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Passage: a dynamic sound corridor

The idea of creating a ‘sound corridor’ is not new, I’ve heard about similar projects before, a buildings hallway seem like a suitable place for a sound installation. Things change all the time, people move up and down the corridor, creating an ever changing pattern for an artist to capture and use to generate or influence sounds.

You need a good technical system to capture these movements though, and that’s exactly what IRCAM created and and what Pierre Jodlowski uses for his dynamic sound corridor ‘Passage’. 16 sensors detect visitors movements. The information is sent to Max/MSP so the composer can use it to control his music.

You can experience this sound installation yourself at the Agora event in Paris: Monday, June 8 and Saturday, June 13, 1pm-6pm.


Put your sounds in the clouds with SoundCloud

As you might have noticed I use the SoundCloud player on my website. For website owners it’s a nice way of offering streaming audio without having to worry about hosting and the use of bandwith. I’d like to share my experiences with this review.

What's SoundCloud?

As a artist it’s great to have a professional looking way of sharing music with fans, label owners and venues. You can create a set of tracks on SoundCloud to embed it on your MySpace page, a much better sounding solution than the standard MySpace player.

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This is what sound looks like

Sound is made audible air vibrating air molecules. Sound is a form of energy, we can’t see it, and we can only hear it when the volume is high enough and if it exists between 20Hz and 20kHz, the audible range of the human ear.

Sound also moves through liquids though, and Eva Schindling created a computer model which simulates the collision of two sounds in a fluid environment. The resulting form is then modeled out of Styrofoam. Now we have a sound we can touch, but we can’t hear it!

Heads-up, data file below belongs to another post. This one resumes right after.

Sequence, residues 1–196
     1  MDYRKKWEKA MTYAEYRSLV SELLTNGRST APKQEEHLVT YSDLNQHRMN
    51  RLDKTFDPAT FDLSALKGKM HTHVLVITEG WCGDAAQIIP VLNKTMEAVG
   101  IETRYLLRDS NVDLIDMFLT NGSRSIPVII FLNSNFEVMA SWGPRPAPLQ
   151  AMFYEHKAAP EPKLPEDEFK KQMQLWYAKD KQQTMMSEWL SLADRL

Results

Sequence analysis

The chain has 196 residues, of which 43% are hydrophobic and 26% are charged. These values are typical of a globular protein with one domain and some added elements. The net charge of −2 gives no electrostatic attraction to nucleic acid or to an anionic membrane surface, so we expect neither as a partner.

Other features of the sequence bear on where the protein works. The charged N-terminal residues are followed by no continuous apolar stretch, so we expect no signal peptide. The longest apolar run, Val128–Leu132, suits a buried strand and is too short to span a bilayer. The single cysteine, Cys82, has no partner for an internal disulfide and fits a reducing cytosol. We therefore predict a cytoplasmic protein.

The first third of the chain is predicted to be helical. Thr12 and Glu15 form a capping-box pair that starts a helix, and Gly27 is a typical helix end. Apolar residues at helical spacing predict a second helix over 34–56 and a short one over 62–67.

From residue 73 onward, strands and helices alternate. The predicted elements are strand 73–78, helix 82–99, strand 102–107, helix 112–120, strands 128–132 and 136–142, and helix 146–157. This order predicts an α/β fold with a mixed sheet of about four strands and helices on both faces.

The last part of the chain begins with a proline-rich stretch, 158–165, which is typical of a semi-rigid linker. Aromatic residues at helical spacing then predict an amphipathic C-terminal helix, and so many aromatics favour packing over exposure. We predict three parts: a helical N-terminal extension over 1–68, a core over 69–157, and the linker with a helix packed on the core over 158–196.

Voxstrumental at Futur en Seine festival 

The Futur en Seine festival takes place in Paris this week. The festival shows interesting new technological experiments and futuristic products. Voxstrumental is a sound installation shown by Voxler, a development team focused on vocal interaction, mainly for the gaming industry.

There are four pipes connected to the Voxstrumental sound installation. Singing into one of the pipes triggers a musical sequence. The pitch of the music changes with the pitch of your voice. The microphones are able to capture multiple parameters of expression. Four people can play the sound installation at the same time, you'll have to listen to each other to make it sound good together. And if you do, the robot in the middle starts dancing happily!

Watch a short movie about this sound installation on the Futur en Seine blog.


Listen to the streets of Mexico City

We are looking down at the intersection of Av. Juan Escutia and Calle Zamora in Condesa, Mexico City, from a window on the third floor. Normally I'm not that interested in the sound of cars driving by. But this urban soundscape is so remarkably different than the western European one I'm used to!

We hear lots of trucks, big ones, with loud diesel engines, fuelling the air with smog. We hear the typical sound of the green and white Volkswagen Beetles which form the majority of the taxis in Mexico City. And then we hear a melody. A man is selling some sort of corn product down on the street. The melody stops and the man starts to recommend his goods using a megaphone, followed by the same melody. I guess it's lunch time!